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New Graduate Student Orientation participants learn about a variety of UD services at the resource fair.

Tips for thriving in graduate school

Photo by Maria Errico

New graduate students receive wealth of guidance from UD community during orientation

Call your family. Brush and floss your teeth. Get enough sleep. Communicate with your professors, advisers and department chairs. Network by sending cold emails to professionals whose work you find interesting. Build a support system. Join student organizations both within and outside your field of study. Go to on-campus events. Find mentors. Hang out with your friends. Hit the gym. Go for a walk or a run. Watch a movie. Maintain a work-life balance. Do not compete with your classmates; they are your teammates. Attend conferences. Set boundaries. Celebrate accomplishments. Reward yourself with pizza, ice cream or whatever makes you happy. You deserve to be here.

Although Ellen Bloom, Safiyah Mansoori, Patricia Hurley, Ted DeConne, Mike Axler, Ye Shen and Shaili Patel have unrelated backgrounds, are not all enrolled in the same program and employ some different tactics, they are generally on the same page for how to deal with the rigors of graduate school. Participating in a University of Delaware New Graduate Student Orientation student panel at the Trabant University Center on Aug. 24, the septet of UD doctoral students imparted the preceding tips, advice and encouragement — gleaned from their respective experiences — to the incoming graduate students in attendance.

Communicate and set boundaries

“A lot of people say graduate school is a marathon, not a sprint, and I didn’t understand what that meant until I didn’t have any boundaries with my work,” said Mansoori, a College of Health Sciences student. “I would just keep working really hard all day. I really wanted to live up to the expectations of what a Ph.D. student should be like.”

By speaking with her adviser about feeling overwhelmed, Mansoori gained a better understanding of the expectations of a doctoral student and was able to overcome the feelings she was experiencing.

“They [advisers, professors and department chairs] do actually care about you and want you to succeed, so they’ll help you through it,” said Mansoori.

DeConne, a College of Health Sciences student, said he likes to accept many challenges and kept engaging in more and more projects when he first enrolled at UD.

“I reached a point where I just became overwhelmed by the work, and eventually I had a conversation with my adviser telling him I was taking on too much, and then we whittled it down to a manageable workload,” said DeConne. “In order to avoid that feeling, having that conversation earlier would have been very helpful.”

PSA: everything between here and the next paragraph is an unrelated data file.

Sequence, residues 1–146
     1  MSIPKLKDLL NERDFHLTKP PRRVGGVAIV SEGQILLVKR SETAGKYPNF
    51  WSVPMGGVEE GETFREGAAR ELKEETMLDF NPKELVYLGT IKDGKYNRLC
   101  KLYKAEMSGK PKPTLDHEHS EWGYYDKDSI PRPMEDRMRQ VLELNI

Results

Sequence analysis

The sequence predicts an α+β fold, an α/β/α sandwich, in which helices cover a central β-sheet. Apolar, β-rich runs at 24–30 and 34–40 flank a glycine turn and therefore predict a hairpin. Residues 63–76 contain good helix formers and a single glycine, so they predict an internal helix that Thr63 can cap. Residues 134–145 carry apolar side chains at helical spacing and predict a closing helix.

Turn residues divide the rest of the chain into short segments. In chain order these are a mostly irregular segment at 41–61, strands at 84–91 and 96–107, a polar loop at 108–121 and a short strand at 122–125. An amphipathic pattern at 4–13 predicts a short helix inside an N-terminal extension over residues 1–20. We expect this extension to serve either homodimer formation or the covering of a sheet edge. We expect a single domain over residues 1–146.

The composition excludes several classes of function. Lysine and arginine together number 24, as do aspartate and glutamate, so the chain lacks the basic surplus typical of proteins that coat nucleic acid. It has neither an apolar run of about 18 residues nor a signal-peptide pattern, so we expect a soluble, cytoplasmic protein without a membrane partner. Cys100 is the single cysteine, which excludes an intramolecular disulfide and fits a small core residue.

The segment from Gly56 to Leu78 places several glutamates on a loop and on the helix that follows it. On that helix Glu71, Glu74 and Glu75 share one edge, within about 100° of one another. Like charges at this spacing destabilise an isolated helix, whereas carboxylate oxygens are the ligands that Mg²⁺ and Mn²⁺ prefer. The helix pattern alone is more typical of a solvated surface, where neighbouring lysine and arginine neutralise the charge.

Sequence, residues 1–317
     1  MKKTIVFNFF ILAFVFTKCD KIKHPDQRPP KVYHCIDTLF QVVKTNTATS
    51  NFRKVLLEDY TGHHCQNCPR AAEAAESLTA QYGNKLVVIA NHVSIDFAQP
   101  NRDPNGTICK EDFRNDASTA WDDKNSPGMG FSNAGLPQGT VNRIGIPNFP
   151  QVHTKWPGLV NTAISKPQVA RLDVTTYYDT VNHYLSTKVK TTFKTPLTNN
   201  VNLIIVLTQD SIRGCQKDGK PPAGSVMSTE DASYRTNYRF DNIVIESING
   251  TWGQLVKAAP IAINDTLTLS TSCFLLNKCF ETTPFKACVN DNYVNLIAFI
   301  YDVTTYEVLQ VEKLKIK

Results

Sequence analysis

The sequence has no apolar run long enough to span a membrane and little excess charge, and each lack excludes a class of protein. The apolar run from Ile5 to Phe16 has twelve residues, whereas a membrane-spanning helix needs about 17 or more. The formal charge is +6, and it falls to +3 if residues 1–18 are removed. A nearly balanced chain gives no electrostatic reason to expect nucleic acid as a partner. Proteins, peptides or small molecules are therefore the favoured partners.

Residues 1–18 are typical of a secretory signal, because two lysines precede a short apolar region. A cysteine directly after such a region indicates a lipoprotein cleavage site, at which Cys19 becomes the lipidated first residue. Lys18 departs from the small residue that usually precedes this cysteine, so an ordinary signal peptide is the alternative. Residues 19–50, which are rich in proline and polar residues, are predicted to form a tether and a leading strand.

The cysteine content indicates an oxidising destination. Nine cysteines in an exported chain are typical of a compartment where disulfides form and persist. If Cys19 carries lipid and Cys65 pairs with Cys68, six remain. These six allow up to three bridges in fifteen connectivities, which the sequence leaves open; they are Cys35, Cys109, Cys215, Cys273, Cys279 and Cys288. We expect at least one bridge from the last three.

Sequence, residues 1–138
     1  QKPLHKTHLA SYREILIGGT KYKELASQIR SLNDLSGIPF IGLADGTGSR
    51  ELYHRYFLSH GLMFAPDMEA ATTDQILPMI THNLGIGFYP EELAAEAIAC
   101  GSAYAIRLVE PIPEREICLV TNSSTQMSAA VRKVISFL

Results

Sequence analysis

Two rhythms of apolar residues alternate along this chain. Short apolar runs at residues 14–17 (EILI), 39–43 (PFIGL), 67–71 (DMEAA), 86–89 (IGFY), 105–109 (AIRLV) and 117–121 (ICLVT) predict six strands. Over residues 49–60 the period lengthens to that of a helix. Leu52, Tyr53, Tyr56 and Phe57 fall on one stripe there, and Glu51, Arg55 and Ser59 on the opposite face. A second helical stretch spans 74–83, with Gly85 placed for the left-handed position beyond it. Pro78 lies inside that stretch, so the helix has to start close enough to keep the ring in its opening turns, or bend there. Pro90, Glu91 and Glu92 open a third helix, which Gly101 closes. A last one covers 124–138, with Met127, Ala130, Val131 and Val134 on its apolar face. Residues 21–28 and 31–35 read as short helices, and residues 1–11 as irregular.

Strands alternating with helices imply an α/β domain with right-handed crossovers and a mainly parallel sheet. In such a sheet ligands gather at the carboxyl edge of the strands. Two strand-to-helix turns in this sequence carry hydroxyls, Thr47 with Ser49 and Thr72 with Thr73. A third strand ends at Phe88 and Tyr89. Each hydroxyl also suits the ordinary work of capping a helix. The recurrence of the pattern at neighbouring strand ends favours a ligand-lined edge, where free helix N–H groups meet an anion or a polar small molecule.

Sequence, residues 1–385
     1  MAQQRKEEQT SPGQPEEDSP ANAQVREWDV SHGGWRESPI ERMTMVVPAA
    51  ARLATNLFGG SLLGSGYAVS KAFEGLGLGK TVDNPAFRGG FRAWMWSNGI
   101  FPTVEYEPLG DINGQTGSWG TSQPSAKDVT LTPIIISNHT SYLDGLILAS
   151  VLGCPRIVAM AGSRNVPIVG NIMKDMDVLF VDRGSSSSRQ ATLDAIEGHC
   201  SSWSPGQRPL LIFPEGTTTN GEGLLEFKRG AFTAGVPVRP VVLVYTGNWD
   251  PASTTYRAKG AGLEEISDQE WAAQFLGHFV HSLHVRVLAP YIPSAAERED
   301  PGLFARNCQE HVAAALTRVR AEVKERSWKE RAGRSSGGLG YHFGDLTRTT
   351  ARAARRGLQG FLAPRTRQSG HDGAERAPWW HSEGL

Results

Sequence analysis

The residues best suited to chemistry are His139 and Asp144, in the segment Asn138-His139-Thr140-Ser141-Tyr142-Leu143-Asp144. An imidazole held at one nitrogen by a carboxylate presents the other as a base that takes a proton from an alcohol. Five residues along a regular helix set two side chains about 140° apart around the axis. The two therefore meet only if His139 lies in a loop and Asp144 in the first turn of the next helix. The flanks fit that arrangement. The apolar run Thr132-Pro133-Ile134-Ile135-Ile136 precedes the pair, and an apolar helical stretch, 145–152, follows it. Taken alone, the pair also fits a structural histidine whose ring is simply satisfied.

Take a break and reward yourself

Realizing that focusing all of her attention on being the best researcher and constantly feeling the need to exhibit her dedication is unsustainable, Mansoori has since made sure that she takes time for herself and the people she cares about. By becoming friends with people in her lab and joining student organizations, such as the iBuddy program for international students, she developed a diverse on-campus support network.

DeConne relieves stress by lifting weights and watching movies, and he said maintaining a work-life balance helps him avoid making mistakes. Shen, a College of Education and Human Development student, celebrates wins, asks for help and told the students if they communicate well with their department, everything will work out. Patel, a College of Arts and Sciences student, advocates sticking to a schedule and making sure it includes time with family and friends. Axler, a College of Health Sciences student, utilizes a habit tracker to make sure he keeps up with regular well-being activities and treats himself when he reaches academic benchmarks.

“You have to eat your vegetables in order to get dessert,” said Axler. “I like to try a new ice cream place every weekend. For me to have that reward, I have to put in my time during the week.”

Get involved and meet people

Hurley, a College of Engineering student, relaxes by running and hanging out with her friends. She said a great way to meet people in other departments and strengthen one’s support network is to get involved with clubs and organizations, which are offered for social, professional, religious, cultural and other purposes. Bloom, a College of Engineering student, also enjoys meeting people from other departments and regularly shows up at events outside her discipline.